http://bit.ly/rOJ3gf
    Dec 30, 2011. 10:56 AM | Likes Like |Link to Comment
  • Forget The U.S. Market - Your Money May Be Safer In This Country [View article]
    "Canadian banks never loosened their lending standards back in the middle of the last decade." Actually, they did. No money down, 40-year amortization mortgages were around then, and only recently has the government done away with 35-year amortizations. 5% down for a mortgage is fairly standard, and could cause some trouble in the near future.

    For the past several months, nearly all the mutual fund managers and representatives I have met with have been saying that the US is the place to invest, that corporations have never had stronger balance sheets, etc. The grass is always greener on the other side I guess.
    Dec 29, 2011. 03:58 PM | Likes Like |Link to Comment
  • 6 Contrarian Picks For Big Profits In 2012 [View article]
    "It might be claimed that Apple's rise leaded to RIMM's fall."

    Appallingly bad writing. Leaded refers to gasoline.
    Dec 28, 2011. 03:16 PM | 2 Likes Like |Link to Comment
  • McDonald's Shows Clear Vision For Efficient Growth [View article]
    Brendan, have you spoken to any corporate insiders at the company? I have, and the consensus is that MCD is getting hammered on margins. Input prices have increased anywhere from 8-15% (for beef, buns, veggies, etc.) and the CEO has committed to price increases of no more than 2% a year.

    If the company has a mandate not to pass the cost increases on to customers, that means margin compression. I love the restaurant, but at a current valuation of 17x forward earnings, the stock is much too expensive.
    Dec 20, 2011. 10:16 AM | 1 Like Like |Link to Comment
  • Has Research In Motion Bottomed? [View article]
    Good comment, I am inclined to agree with you Badcop. With all the RIM vs Apple vs Google nonsense that people are spouting, I am amazed that nobody points to the Apple example of almost going out of business, then reinventing itself.

    That is a strong possibility (with new leadership, mind you) for a company that is profitable, has a solid amount of cash sitting in the bank, and no debt. Too many people refuse to look at the balance sheet. If they did, they would notice the 0 next to long term debt. It is difficult to go bankrupt when you have no debt.

    With that said, I will not be buying any RIM shares until I see a catalyst for price appreciation, or until the shares drop below their liquidation value.
    Dec 16, 2011. 03:29 PM | Likes Like |Link to Comment
  • RIM Looks Grim [View article]
    In terms of the way the company is run, market share, outdated technology, etc., RIM is a sell. In terms of its balance sheet, RIM is a screaming buy. It is a profitable business sitting on a pile of cash, and has no debt.

    I am not buying. The characters in charge are too short-sighted: a friend of mine (former RIM employee) left for a competitor when the stock was in the 60s. He said he wouldn't buy the stock with my money, let alone his own. There was no room for talent to move up, and the comany-wide feeling was that for all the employees' hard work, the only people benefiting were the executives. Not exactly the breeding grounds for a solid company.

    The Torch (a massive failure) was rushed out three months early because RIM did not want to lose a contract with Verizon. When you pump out garbage just to save a contract, bad things happen. Later Torches and devices were built upon this unfinished foundation of garbage, with the end result being a massive decrease in market share.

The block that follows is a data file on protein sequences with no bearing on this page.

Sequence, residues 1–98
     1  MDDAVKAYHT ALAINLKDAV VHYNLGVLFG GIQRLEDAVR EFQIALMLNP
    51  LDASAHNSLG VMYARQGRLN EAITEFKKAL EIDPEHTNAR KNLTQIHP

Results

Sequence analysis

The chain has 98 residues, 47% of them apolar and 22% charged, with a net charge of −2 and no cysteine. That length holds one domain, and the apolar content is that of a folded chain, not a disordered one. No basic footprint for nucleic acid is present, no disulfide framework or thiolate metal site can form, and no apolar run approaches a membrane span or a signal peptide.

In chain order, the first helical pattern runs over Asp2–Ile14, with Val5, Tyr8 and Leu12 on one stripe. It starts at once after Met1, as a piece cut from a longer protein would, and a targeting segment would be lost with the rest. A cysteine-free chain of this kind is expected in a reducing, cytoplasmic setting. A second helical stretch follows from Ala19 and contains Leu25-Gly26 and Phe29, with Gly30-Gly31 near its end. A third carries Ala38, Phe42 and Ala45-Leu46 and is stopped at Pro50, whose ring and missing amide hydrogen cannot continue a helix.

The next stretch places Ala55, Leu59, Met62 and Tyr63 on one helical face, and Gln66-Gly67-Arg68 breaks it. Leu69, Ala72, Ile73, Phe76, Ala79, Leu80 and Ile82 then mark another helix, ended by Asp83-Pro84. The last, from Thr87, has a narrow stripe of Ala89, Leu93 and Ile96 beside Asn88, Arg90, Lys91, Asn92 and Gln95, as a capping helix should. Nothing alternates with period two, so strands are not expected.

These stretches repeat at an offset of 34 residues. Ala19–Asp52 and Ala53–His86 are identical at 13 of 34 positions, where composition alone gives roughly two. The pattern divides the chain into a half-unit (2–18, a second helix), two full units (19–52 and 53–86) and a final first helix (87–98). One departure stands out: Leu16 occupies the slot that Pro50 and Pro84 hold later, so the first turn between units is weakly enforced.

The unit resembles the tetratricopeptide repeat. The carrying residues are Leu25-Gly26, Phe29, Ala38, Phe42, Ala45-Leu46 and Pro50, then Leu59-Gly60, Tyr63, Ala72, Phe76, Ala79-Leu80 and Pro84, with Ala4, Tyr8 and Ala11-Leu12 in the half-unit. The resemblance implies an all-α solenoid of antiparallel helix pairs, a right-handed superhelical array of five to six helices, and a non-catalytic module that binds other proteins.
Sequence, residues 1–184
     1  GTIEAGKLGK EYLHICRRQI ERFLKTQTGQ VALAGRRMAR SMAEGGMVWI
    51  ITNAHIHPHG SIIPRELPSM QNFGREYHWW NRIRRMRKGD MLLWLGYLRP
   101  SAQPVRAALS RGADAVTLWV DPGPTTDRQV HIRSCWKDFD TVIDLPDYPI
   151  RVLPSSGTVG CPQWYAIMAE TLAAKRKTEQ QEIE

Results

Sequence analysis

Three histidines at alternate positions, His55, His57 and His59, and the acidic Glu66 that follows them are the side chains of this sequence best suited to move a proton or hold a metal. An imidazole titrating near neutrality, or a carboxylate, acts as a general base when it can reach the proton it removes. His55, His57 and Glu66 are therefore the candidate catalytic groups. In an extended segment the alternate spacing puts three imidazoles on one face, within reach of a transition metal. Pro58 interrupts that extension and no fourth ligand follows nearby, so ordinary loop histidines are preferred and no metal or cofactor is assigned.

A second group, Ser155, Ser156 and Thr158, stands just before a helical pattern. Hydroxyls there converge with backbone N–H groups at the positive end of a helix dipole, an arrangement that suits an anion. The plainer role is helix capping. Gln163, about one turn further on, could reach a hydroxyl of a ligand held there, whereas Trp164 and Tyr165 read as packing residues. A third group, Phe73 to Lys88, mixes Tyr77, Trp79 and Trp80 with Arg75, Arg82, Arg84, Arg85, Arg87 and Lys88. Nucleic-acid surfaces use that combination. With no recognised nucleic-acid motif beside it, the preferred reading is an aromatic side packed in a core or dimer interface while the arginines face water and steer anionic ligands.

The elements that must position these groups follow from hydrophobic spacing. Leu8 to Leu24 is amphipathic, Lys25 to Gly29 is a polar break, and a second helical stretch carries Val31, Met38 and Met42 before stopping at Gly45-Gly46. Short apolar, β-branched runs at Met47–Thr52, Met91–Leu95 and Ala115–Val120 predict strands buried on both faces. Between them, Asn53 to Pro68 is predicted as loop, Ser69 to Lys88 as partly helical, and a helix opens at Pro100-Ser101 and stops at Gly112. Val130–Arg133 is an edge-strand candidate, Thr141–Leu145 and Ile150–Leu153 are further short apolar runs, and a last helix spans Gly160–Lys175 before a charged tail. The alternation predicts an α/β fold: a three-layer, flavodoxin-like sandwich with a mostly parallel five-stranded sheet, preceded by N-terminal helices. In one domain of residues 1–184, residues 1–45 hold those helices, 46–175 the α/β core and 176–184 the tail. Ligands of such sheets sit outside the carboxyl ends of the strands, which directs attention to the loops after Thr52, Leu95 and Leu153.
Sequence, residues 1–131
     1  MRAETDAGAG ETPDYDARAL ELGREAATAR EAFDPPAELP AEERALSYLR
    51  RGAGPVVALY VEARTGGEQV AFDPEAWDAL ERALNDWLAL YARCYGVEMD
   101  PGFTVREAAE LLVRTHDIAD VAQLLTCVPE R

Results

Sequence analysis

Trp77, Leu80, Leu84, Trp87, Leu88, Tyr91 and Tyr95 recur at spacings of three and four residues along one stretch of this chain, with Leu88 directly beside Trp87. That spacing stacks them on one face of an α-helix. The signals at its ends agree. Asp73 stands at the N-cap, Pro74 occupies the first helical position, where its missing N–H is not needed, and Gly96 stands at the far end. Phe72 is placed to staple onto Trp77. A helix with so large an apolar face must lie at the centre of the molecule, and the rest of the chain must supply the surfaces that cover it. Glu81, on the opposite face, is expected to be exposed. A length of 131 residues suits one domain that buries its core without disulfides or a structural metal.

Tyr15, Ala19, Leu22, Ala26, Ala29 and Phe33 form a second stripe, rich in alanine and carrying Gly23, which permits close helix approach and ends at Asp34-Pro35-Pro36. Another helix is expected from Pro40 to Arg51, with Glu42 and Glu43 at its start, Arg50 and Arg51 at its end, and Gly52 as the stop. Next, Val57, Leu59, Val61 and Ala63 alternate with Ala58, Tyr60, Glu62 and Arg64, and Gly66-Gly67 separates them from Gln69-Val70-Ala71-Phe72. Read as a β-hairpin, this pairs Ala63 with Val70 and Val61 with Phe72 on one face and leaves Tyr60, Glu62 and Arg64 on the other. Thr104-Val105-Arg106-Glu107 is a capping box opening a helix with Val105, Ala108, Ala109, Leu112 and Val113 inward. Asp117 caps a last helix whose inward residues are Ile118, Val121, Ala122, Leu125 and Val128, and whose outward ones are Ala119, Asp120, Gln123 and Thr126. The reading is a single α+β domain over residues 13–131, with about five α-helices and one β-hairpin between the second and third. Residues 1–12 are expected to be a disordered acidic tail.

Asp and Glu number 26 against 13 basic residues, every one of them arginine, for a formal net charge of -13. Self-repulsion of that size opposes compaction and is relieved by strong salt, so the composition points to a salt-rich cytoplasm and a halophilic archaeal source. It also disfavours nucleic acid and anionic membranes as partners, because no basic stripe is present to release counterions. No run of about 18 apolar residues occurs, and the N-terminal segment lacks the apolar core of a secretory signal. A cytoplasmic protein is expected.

Dec 16, 2011. 08:39 AM | 2 Likes Like |Link to Comment
  • Note To Apple Shareholders: Stop Trying To Spend The Company's Cash [View article]
    "I fail to see what Apple needs that it is not able to build themselves." Oops. How all of the hardware for the iPhone?

    Apple is currently sourcing its chips from Samsung, which is a competitor, and is currently sending Apple the second tier chips, keeping the first tier for Samsung's own phones.
    Dec 15, 2011. 03:41 PM | Likes Like |Link to Comment
  • Buy Shares Of Rogers Communications And Own Its Undervalued Sports And Media Segment [View article]
    I take serious issue with your statement that the assets Rogers just purchased in conjunction with Bell are undervalued. Ontario Teachers' Pension Plan (OTPP) sold Maple Leaf Sports Entertainment (MLSE) for close to double its appraised value. The deal did not include the real estate, which OTPP will continue to control through its RE branch Cadillac Fairview.

    A little bit of digging would have revealed that OTPP made out like bandits on this deal, getting a massive premium from the telecom oligopoly because Rogers and Bell are convinced they can "leverage" MLSE through their media channels. I'll believe it when I see it.

    A better title would have been "Buy Rogers Communication Because Canadians Pay the Highest Wireless Rates in the Developed World." Rogers is one of three firms operating in an oligopoly. That is why you buy them, not because they vastly overpaid for their assets.

    Your article has a sdcent synopsis of the holdings, but is severely lacking in analysis.
    Dec 15, 2011. 08:19 AM | Likes Like |Link to Comment
  • A Contrarian Play: Sell Gold, Buy REITs And Home Builders [View article]
    Point noted. I should have specified that they are yielding more than the REITs in the article. I am wary of a 17.28% yield, as high yields are generally a warning sign.
    Dec 14, 2011. 04:19 PM | Likes Like |Link to Comment
  • Bank Of America: Piercing Its 'Opaque' Balance Sheet [View article]
    Andrew, I suggest to you that the derivative assets are not the issue. If an entity is long a derivative (holding it as an asset), the outlay is the premium, which represents the total amount it could potentially lose. If an entity is short a derivative (holding it as a liability), the potential loss is unlimited.

    This is what should worry investors who are long BAC, not whether derivatives classified as assets become worthless.

    Nice to see facts mixed with opinion, as opposed to most of the articles on the site.
    Dec 14, 2011. 04:14 PM | Likes Like |Link to Comment